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Coexisting Social, Economic, and Health-Related Disadvantages in More than 2.4 Million Swedes: Combining Variable-Centred and Person-Centred Approaches
Stockholm University, Faculty of Social Sciences, Aging Research Center (ARC), (together with KI).
Stockholm University, Faculty of Social Sciences, Department of Public Health Sciences, Centre for Health Equity Studies (CHESS).
Stockholm University, Faculty of Social Sciences, Department of Social Work.
2019 (English)In: Social Indicators Research, ISSN 0303-8300, E-ISSN 1573-0921, Vol. 143, no 1, p. 115-132Article in journal (Refereed) Published
Abstract [en]

The notion of coexisting disadvantages has been recognised in social welfare policy and welfare research, not least in the Nordic countries. The prevalence and patterning of coexisting disadvantages in society have far reaching implications for well-being, social policy, and social inequality. Using longitudinal register-based data for the years 1998‒2008 for all Swedish individuals born 1946‒1965 (n > 2.4 million), this exploratory study maps out the occurrence of coexisting disadvantages in the Swedish working-age population, and examines to what extent observed prevalence rates are associated with sex, age, immigrant status, and marital status. Coexisting disadvantages are analysed in terms of four broad register-based indicators intended to capture individuals’ resources in key areas of the society: education, income, labour market, and mental health. The results show that while most individuals are not disadvantaged in these areas, coexisting disadvantages do occur and its prevalence varies according to sex, age, immigrant status, and marital status. This study shows that combinations of person-centred and variable-centred analyses of register-based indicators can play a part when developing effective systems for policy surveillance.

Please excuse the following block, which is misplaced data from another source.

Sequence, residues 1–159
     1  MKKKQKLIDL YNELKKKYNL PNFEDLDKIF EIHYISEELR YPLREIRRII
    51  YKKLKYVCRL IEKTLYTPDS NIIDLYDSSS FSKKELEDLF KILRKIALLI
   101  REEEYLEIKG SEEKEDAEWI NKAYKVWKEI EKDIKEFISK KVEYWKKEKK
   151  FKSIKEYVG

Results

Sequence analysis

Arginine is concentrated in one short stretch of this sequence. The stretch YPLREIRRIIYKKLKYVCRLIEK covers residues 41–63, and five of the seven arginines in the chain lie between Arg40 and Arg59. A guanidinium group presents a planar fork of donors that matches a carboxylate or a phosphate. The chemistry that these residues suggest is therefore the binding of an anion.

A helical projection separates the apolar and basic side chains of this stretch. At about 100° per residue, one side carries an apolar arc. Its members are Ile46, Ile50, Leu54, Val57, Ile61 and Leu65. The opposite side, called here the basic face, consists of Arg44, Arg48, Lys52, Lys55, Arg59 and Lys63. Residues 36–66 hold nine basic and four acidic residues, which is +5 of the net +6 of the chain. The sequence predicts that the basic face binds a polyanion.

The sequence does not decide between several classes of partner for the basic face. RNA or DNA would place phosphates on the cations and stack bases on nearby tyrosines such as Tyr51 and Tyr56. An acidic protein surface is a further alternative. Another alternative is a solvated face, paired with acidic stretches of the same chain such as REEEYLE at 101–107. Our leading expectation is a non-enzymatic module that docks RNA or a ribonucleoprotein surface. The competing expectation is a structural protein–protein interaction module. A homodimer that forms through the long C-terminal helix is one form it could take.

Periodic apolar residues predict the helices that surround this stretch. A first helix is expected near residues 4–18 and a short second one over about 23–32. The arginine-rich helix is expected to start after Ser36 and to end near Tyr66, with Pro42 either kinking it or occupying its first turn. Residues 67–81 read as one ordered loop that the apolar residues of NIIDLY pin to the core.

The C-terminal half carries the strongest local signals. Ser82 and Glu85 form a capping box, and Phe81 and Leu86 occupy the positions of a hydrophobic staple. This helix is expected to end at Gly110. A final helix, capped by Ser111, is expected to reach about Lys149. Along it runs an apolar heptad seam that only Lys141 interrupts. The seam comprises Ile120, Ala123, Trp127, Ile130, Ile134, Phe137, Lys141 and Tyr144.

Place, publisher, year, edition, pages
2019. Vol. 143, no 1, p. 115-132
Keywords [en]
Latent class analysis, Monitoring, Person-centred methods, Register data, Social exclusion, Welfare problems
National Category
Sociology Public Health, Global Health, Social Medicine and Epidemiology
Research subject
Sociology; Public Health Sciences
Identifiers
URN: urn:nbn:se:su:diva-158766DOI: 10.1007/s11205-018-1981-5ISI: 000471313800006OAI: oai:DiVA.org:su-158766DiVA, id: diva2:1238623
Available from: 2018-08-14 Created: 2018-08-14 Last updated: 2019-07-22Bibliographically approved

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Fors, StefanAlmquist, Ylva B.Brännström, Lars
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Aging Research Center (ARC), (together with KI)Centre for Health Equity Studies (CHESS)Department of Social Work
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Social Indicators Research
SociologyPublic Health, Global Health, Social Medicine and Epidemiology

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CiteExportLink to record
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